BERLIN – This November marks the first anniversary of the Euromaidan uprising in Kyiv. Large parts of Ukraine’s population – and young people in particular – rose in opposition to then-Ukrainian President Viktor Yanukovych’s refusal to sign the country’s European Union association agreement (finalized after many years of negotiations), in favor of joining a customs union with Russia. This would have amounted to an eastward shift for Ukraine, with accession to Russian President Vladimir Putin’s Eurasian Union ruling out any possibility of ever joining the EU.
In view of Ukraine’s ongoing crisis, this starting point – the first pro-European revolution in the twenty-first century, brought about by opposition to Russian influence and post-Soviet corruption and inefficiency – is important to bear in mind.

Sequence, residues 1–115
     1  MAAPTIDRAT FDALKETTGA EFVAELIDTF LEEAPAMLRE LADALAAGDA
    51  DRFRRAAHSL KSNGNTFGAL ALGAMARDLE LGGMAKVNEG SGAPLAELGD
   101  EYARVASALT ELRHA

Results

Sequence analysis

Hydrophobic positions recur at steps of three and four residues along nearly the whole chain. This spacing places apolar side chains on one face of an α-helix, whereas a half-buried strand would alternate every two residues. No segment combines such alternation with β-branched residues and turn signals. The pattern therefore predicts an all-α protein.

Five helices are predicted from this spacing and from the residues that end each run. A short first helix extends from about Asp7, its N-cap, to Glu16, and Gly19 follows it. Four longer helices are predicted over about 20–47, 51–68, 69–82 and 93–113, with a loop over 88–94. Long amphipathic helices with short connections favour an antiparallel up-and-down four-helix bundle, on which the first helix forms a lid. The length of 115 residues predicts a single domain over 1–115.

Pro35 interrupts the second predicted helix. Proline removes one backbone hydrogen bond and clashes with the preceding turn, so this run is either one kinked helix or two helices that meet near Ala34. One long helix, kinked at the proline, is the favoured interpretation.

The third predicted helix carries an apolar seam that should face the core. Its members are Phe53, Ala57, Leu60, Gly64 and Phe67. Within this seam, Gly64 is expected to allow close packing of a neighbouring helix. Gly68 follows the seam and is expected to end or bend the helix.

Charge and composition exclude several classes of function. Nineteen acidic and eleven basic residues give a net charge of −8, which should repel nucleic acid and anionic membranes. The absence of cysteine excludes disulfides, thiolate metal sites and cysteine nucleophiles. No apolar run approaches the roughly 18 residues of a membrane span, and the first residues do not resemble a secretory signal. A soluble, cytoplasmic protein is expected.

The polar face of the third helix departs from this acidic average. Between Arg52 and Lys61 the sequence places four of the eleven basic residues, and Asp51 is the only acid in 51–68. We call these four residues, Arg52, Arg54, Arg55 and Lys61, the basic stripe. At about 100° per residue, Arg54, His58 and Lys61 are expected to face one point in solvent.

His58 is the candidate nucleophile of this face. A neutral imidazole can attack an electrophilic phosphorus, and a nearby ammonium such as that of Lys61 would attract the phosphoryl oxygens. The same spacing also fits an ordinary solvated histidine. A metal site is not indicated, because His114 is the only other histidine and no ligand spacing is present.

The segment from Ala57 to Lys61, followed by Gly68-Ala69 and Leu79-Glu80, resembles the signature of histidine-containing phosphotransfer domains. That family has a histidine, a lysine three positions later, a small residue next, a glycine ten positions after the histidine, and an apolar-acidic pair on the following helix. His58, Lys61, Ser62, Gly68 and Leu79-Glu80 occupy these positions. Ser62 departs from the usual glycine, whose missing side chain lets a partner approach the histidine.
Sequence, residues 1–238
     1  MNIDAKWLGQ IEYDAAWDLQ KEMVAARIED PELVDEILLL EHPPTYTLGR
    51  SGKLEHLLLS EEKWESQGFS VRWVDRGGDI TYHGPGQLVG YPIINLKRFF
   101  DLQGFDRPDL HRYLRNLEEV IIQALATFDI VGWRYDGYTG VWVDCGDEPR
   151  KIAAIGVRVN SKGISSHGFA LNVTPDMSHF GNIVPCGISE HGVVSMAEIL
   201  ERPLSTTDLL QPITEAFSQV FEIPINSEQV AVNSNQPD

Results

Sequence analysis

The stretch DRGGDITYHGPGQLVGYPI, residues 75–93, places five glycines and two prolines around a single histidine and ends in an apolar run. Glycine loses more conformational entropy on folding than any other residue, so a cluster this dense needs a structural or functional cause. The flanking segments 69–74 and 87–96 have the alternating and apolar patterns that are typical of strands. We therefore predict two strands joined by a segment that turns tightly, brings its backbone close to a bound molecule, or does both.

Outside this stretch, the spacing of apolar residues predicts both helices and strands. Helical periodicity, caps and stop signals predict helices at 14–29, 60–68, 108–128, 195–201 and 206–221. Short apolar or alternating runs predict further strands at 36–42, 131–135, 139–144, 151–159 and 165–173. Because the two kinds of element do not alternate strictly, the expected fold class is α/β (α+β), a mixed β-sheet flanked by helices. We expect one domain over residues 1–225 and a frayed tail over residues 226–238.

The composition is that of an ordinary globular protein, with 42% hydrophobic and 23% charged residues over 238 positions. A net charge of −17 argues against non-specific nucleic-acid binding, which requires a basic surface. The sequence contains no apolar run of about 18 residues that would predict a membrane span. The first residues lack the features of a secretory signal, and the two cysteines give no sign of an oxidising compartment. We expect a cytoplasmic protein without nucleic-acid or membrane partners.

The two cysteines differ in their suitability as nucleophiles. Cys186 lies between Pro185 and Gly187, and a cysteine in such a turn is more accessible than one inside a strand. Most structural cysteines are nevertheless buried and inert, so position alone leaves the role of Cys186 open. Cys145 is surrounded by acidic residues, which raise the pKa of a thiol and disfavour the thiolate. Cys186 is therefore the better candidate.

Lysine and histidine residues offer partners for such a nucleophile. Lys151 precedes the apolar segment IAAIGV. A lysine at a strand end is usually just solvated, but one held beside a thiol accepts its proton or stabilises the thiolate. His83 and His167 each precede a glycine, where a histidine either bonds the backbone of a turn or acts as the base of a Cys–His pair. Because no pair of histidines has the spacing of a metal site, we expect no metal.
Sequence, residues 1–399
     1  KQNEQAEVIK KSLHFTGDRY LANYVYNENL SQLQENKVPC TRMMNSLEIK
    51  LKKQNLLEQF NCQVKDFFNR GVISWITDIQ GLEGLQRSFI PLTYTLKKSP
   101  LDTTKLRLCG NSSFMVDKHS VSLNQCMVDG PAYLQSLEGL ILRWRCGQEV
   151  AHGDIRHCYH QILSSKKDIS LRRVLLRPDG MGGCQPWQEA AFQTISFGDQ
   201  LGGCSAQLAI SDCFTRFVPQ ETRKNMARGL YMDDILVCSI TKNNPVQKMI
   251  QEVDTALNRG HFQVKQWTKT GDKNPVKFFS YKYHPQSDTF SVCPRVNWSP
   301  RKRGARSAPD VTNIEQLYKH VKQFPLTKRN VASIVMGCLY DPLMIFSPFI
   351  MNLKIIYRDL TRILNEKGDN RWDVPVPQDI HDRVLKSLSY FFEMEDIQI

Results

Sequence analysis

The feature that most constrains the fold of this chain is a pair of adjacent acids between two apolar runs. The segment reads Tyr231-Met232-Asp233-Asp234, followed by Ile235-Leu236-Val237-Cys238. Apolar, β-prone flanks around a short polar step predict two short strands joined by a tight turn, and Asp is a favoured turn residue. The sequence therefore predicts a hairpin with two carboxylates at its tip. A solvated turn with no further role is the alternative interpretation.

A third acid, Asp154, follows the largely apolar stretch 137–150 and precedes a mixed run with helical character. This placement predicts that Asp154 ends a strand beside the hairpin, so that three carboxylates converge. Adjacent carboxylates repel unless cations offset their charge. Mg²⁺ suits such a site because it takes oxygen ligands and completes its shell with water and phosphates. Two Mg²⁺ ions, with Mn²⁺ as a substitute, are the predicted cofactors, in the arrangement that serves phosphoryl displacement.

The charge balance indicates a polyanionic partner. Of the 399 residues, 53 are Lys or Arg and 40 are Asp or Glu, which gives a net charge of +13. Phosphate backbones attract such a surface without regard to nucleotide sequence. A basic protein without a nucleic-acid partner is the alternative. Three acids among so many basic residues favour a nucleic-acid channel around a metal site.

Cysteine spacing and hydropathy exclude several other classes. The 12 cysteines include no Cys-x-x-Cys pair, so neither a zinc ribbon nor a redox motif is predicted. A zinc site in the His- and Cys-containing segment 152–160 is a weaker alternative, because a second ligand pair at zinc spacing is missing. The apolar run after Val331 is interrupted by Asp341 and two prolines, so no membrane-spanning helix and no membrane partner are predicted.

A lot has happened since: Russia launched an undeclared war, first occupying and then annexing Crimea. In eastern Ukraine, the Kremlin continued the war – which, in military terms, seems unwinnable for the Kyiv authorities – in the Donbas region.
Russia’s aim is not to occupy Ukraine militarily, but to prevent political and economic stabilization – a strategy that could include the de facto secession of significant parts of eastern Ukraine. Moreover, Putin will use the full range of tools at his disposal – including, of course, energy supplies – to pressure and extort Ukraine this winter.